For example, you start peers discovery by WiFiP2pManager.discoverPeers(), then wait for WIFI_P2P_PEERS_CHANGED_ACTION in broadcast receiver. From wpa_supplicant perspective, the discovery started as soon as its command P2P_FIND is specified. The duration of the discovery and the search type are optional parameters
From there you can further invoke WiFiP2pManager methods and receive the events in various listener implementations (e.g. WifiP2pManager.PeerListListener, WifiP2pManager.ConnectionInfoListener, WifiP2pManager.GroupInfoListener and so on).

An alternative procedure for discovery where the mentioned process is enriched by additional negotiation is called "service discovery". When service discovery is used instead of wider devices, the whole picture of utilizing wpa_supplicant remains unchanged, just instead of discoverPeers() the process is initiated by WiFiP2pManager.discoverServices(). To this extent, Android application can advertise its services via supported Bonjour (or Upnp - ?) protocol.

Advertising on Bonjour is very different from common NSD on established networks. Bonjour uses DNS-SD to find the published services before the connection between devices is created. Published service info get available to the peer with all details needed to create the connection (this info encapsulated in WifiP2pDevice class). If it chooses to do so - the publisher gets the invitation to accept the network.

Let's go deeper on Bonjour:

. Delete existing persistent groups
1. StartRegistrationAndDiscovery
  1a). Prepare DNS-SD service info
Map<String, String> record = new HashMap<>();
    record.put(Globals.TXTRECORD_PROP_AVAILABLE, "visible");

    // Service information.  Pass it an instance name, service type
    // _protocol._transportlayer , and the map containing
    // information other devices will want once they connect to this one.
    WifiP2pDnsSdServiceInfo service = WifiP2pDnsSdServiceInfo.newInstance(
            Globals.SERVICE_REG_TYPE, record);

  1b).  call addLocalService in order to publish (start advertise) this service

2). Discover Services
  2a). Prepare DNS-SD listeners
      WifiP2pManager.DnsSdServiceResponseListener and WifiP2pManager.DnsSdTxtRecordListener

3). Prepare DNS-SD request
    mServiceRequest = WifiP2pDnsSdServiceRequest.newInstance();

  mManager.addServiceRequest(mChannel, mServiceRequest,
        new TaggedActionListener("add service discovery request"));

4). Start service discovery mManager.discoverServices(mChannel,
        new TaggedActionListener("service discovery init"));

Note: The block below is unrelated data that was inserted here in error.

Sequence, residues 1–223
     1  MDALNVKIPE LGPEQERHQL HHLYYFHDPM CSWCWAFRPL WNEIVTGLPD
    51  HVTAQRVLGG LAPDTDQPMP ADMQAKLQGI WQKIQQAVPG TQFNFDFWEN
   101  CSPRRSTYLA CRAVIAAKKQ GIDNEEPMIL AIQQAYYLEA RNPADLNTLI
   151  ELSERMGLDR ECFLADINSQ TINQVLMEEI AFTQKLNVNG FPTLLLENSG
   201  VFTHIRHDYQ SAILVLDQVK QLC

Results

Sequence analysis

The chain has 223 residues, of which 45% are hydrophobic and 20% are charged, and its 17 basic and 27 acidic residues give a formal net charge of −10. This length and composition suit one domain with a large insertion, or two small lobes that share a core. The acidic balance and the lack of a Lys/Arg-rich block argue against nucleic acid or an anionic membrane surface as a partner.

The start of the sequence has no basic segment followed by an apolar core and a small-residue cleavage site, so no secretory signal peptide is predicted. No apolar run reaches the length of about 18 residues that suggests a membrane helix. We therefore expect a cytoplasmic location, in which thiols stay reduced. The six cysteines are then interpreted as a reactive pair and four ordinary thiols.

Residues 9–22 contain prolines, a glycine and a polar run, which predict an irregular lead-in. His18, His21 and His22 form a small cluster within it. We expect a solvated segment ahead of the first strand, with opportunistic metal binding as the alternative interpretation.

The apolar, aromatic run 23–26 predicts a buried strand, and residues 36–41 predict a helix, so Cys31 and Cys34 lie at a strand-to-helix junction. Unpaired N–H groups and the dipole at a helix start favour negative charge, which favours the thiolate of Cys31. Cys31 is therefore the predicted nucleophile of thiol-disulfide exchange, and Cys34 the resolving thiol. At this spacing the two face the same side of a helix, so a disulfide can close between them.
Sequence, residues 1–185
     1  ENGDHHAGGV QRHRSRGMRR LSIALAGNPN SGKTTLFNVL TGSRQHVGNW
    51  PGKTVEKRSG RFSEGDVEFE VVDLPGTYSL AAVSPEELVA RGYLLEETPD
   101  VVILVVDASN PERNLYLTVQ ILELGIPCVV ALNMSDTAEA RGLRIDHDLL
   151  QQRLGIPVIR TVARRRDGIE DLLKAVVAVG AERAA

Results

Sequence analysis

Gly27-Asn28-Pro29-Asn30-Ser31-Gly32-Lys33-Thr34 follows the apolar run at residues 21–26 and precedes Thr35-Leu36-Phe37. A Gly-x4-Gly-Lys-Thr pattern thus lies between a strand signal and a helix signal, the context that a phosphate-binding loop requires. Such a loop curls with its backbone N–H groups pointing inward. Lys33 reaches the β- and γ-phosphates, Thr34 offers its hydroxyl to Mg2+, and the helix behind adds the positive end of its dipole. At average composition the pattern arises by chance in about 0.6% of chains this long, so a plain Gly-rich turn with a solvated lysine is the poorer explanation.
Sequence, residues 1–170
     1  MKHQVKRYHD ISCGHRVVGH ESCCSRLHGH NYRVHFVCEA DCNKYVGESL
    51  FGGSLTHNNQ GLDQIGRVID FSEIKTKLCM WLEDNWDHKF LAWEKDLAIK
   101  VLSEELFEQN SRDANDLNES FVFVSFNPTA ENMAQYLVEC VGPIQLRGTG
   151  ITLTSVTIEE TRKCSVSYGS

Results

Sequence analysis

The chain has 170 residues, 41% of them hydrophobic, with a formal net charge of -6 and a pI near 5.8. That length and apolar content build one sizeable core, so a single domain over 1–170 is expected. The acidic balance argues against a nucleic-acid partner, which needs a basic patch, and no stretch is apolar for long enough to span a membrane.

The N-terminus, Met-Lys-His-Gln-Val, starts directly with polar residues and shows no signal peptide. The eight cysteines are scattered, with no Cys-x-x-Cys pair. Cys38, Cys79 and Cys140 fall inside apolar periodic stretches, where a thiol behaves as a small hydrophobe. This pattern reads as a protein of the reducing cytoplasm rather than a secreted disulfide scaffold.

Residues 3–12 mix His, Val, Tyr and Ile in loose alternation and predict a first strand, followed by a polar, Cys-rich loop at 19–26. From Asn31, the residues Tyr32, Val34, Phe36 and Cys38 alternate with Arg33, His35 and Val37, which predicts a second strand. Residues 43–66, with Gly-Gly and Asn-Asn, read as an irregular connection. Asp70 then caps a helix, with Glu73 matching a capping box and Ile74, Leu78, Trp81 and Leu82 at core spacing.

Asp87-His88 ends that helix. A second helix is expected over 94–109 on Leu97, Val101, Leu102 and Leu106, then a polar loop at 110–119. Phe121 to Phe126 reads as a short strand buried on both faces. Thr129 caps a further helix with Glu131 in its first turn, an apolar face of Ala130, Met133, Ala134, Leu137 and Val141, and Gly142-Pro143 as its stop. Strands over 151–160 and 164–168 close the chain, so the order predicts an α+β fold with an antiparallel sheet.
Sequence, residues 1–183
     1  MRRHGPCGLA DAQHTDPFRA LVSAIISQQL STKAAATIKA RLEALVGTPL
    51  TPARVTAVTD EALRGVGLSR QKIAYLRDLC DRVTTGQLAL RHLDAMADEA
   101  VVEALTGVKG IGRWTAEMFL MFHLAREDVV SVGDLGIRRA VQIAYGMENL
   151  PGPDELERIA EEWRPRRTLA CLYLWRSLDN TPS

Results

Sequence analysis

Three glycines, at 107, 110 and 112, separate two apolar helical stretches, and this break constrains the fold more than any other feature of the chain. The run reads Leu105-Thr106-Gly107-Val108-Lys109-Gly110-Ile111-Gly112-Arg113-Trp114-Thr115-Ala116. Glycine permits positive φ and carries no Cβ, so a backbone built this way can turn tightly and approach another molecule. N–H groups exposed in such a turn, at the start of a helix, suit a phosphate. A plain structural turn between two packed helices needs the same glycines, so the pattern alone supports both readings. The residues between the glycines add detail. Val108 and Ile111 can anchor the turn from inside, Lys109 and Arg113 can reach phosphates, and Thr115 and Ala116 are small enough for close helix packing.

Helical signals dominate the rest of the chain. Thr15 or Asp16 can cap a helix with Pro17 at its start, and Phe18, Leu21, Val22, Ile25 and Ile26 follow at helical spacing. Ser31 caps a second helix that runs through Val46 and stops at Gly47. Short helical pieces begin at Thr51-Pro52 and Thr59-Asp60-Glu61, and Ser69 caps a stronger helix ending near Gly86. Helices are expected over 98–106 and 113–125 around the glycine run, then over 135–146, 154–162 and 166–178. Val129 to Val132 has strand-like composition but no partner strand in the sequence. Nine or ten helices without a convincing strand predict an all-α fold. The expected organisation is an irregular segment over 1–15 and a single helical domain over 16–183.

After a while

5). Receive onPeersAvailable(), analyze status of the peer and send invitation to connect
  for(WifiP2pDevice device : wifiP2pDeviceList.getDeviceList()) {

    if( device.status == WifiP2pDevice.AVAILABLE ) {

        WifiP2pConfig config = new WifiP2pConfig();
        config.deviceAddress = device.deviceAddress;
        //config.groupOwnerIntent = 15;
        config.wps.setup = WpsInfo.PBC;
        //config.wps.setup = WpsInfo.LABEL;

        wifiUtil.connectToDevice(config, 2000); // 2 sec delay

6). Receive onConnectionInfoAvailable() with the params of the group
  Start ServerSocker and wait to accept

3. Connection is established
After 2-nd device accepts the invitation, the connection is established, the group is created and onConnectionInfoAvailable() method of ConnectionInfoListened interface is called on both sides.It receives WiFiP2pInfo structure with group address and indicatior of group' address. Generally speaking, this groip address is enough to establish sockets connection between two devices.
Optionally, to get more information about the group, onConnectionInfoAvailable() handler may further invoke WiFiP2pManager.requestGroupInfo() passing to it the instance of GroupInfoListener implementation.
onGroupInfoAvailable() then is called on both sides with the following info (in WiFiP2pGroup)
Note that created group looks differently on client's and group owner's side. The primary difference is the passphrase which known only to group owner. The group address is also varies. The following table summarizes the differencies:

On client
On Group Owner (Android_6e08)
Group Address p2p-wlan0-0 p2p-p2p0-11
SSIS (Network Name) DIRECT-[xx]-[deviceID of Group Owner], e.g.
DIRECT-[xx]-[deviceID of Group Owner]
Passphrase Null Actual password (plain text)
Size 0 (Why?) 1 (Why?)
If you enumerate at this time (within onGroupInfoAvailable) the existing network interfaces, you'll find the newly created one that be called p2p-[prev. existing interface]-N. For example: